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I'm attempting to run a PowerShell script with the input being the results of another PowerShell cmdlet. Here's the cross-forest Exchange 2013 PowerShell command I can run successfully for one user by specifying the -Identity parameter:

.\Prepare-MoveRequest.ps1 -Identity "user@domain.com" -RemoteForestDomainController "dc.remotedomain.com" $Remote -UseLocalObject -OverwriteLocalObject -Verbose

I want to run this command for all MailUsers. Therefore, what I want to run is:

Get-MailUser | select windowsemailaddress | .\Prepare-MoveRequest.ps1 -RemoteForestDomainController "dc.remotedomain.com" $Remote -LocalForestDomainController "dc.localdomain.com" -UseLocalObject -OverwriteLocalObject -Verbose

Note that I removed the -Identity parameter because I was feeding it from each Get-MailUser's WindowsEmailAddress property value. However, this returns with a pipeline input error.

I also tried exporting the WindowsEmailAddress property values to a CSV, and then reading it as per the following site, but I also got a pipeline problem: http://technet.microsoft.com/en-us/library/ee861103(v=exchg.150).aspx

Import-Csv mailusers.csv | Prepare-MoveRequest.ps1 -RemoteForestDomainController DC.remotedomain.com -RemoteForestCredential $Remote

What is the best way to feed the windowsemailaddress field from each MailUser to my Prepare-MoveRequest.ps1 script?

EDIT: I may have just figured it out with the following foreach addition to my Import-Csv option above. I'm testing it now:

Import-Csv mailusers.csv | foreach { Prepare-MoveRequest.ps1 -Identity $_.windowsemailaddress -RemoteForestDomainController DC.remotedomain.com -RemoteForestCredential $Remote }
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possible duplicate of How to write a Powershell script that accepts pipeline input? – Neolisk Dec 28 '13 at 22:46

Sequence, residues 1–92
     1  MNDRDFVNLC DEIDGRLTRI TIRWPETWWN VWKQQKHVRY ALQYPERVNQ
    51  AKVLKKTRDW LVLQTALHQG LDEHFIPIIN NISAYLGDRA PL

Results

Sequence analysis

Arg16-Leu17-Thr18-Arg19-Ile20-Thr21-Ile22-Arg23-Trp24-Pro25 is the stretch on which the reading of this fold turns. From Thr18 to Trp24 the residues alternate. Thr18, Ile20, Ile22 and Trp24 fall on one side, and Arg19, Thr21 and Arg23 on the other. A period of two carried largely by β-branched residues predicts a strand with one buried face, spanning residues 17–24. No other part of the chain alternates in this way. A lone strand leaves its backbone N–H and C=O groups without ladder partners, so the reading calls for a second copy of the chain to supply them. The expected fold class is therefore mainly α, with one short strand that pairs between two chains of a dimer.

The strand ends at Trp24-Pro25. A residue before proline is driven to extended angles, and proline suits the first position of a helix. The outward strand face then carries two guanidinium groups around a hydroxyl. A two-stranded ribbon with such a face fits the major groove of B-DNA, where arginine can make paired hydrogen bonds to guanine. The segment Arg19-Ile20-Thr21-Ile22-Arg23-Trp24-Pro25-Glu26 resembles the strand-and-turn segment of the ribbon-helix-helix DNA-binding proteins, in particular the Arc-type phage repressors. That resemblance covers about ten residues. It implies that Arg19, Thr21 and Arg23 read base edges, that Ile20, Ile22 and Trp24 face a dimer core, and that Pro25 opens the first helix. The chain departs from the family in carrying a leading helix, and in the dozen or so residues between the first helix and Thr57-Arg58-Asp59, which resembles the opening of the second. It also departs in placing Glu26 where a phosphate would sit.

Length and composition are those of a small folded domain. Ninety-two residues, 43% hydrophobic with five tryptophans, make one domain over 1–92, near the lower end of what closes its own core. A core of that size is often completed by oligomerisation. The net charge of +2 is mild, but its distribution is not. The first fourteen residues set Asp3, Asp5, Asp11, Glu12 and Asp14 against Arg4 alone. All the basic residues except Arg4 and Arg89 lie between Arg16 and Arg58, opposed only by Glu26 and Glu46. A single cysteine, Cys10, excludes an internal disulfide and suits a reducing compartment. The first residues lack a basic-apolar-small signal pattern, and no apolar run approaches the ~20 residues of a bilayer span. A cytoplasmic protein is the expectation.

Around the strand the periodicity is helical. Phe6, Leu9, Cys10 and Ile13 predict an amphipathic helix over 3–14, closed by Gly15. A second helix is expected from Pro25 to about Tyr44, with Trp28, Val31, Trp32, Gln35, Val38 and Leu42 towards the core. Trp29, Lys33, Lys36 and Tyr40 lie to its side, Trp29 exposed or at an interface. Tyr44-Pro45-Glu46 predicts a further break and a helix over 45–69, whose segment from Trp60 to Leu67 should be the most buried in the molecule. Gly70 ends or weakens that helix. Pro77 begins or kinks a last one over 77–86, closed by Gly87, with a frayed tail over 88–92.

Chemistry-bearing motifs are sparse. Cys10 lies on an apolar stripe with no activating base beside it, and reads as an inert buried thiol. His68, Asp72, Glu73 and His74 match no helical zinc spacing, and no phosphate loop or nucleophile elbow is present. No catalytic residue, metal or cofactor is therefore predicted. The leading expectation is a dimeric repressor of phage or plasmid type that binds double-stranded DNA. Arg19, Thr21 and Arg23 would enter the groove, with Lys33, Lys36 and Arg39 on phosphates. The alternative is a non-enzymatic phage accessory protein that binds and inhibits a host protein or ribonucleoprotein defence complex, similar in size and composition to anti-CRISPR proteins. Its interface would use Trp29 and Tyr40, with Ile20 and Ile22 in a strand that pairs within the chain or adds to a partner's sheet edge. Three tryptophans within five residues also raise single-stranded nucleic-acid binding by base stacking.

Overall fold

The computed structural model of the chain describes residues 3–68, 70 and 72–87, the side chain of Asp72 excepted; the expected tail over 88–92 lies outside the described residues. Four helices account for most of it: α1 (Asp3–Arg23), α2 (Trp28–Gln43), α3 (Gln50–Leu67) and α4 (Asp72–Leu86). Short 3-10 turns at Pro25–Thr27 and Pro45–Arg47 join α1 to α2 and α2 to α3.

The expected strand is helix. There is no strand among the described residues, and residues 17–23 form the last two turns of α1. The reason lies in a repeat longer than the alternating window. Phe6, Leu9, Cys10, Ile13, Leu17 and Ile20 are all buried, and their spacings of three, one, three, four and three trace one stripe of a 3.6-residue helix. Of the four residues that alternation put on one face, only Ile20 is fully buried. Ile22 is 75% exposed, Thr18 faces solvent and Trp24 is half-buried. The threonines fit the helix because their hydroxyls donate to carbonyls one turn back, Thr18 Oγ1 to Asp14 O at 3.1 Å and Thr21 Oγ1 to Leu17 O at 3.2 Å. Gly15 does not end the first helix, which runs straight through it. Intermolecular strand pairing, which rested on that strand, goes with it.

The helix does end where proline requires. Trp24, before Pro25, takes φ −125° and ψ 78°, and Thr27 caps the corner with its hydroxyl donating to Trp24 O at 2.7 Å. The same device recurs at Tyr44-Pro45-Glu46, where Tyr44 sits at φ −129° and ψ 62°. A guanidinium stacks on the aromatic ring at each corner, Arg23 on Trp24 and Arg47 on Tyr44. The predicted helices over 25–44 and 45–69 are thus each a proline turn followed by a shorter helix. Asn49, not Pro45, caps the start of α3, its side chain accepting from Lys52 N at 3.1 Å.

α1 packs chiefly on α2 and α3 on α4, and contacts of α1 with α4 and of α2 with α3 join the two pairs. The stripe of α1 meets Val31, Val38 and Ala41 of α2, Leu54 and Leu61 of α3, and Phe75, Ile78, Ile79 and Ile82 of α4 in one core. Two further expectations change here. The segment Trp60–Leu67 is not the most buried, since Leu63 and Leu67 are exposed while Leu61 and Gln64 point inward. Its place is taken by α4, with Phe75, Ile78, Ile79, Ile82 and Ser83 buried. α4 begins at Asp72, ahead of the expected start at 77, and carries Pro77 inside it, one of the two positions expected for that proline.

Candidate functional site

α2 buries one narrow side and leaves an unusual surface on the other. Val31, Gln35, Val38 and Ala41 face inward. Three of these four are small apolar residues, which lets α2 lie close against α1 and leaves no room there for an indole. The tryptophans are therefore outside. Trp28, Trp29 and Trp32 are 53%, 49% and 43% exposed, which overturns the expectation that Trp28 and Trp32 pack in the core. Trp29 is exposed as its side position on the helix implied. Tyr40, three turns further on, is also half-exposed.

You should declare your custom function called Prepare-MoveRequest instead of simply making it a script. Then, dot-source the script that declares the function, and then call the function. To accept pipeline input into your function, you need to declare one or more parameters that use the appropriate parameter attributes, such as ValueFromPipeline or ValueFromPipelineByPropertyName. Here is the official MSDN documentation for parameter attributes.

For example, let's say I was developing a custom Stop-Process cmdlet. I want to stop a process based on the ProcessID (or PID) of a Windows process. Here is what the command would look like:

function Stop-CustomProcess {
    # Specify the CmdletBinding() attribute for our
    # custom advanced function.
    [CmdletBinding()]
    # Specify the PARAM block, and declare the parameter
    # that accepts pipeline input
    param (
        [Parameter(ValueFromPipelineByPropertyName = $true)]
        [int] $Id
    )

    # You must specify the PROCESS block, because we want this
    # code to execute FOR EACH process that is piped into the
    # cmdlet. If we do not specify the PROCESS block, then the
    # END block is used by default, which only would run once.
    process {
        Write-Verbose -Message ('Stopping process with PID: {0}' -f $ID);
        # Stop the process here
    }
}

# 1. Launch three (3) instances of notepad
1..3 | % { notepad; };

# 2. Call the Stop-CustomProcess cmdlet, using pipeline input
Get-Process notepad | Stop-CustomProcess -Verbose;

# 3. Do an actual clean-up
Get-Process notepad | Stop-Process;

Now that we've taken a look at an example of building the custom function ... once you've defined your custom function in your script file, dot-source it in your "main" script.

# Import the custom function into the current session
. $PSScriptRoot\Prepare-MoveRequest.ps1
# Call the function
Get-MailUser | Prepare-MoveRequest -RemoteForestDomainController dc.remotedomain.com $Remote -LocalForestDomainController dc.localdomain.com -UseLocalObject -OverwriteLocalObject -Verbose;
# Note: Since you've defined a parameter named `-WindowsEmailAddress` that uses the `ValueFromPipelineByPropertyName` attribute, the value of each object will be bound to the parameter, as it passes through the `PROCESS` block.

EDIT: I would like to point out that your edit to your post does not properly handle parameter binding in PowerShell. It may achieve the desired results, but it does not teach the correct method of binding parameters in PowerShell. You don't have to use the ForEach-Object to achieve your desired results. Read through my post, and I believe you will increase your understanding of parameter binding.

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up vote 0 down vote accepted

My foreach loop did the trick.

Import-Csv mailusers.csv | foreach { Prepare-MoveRequest.ps1 -Identity $_.windowsemailaddress -RemoteForestDomainController DC.remotedomain.com -RemoteForestCredential $Remote }
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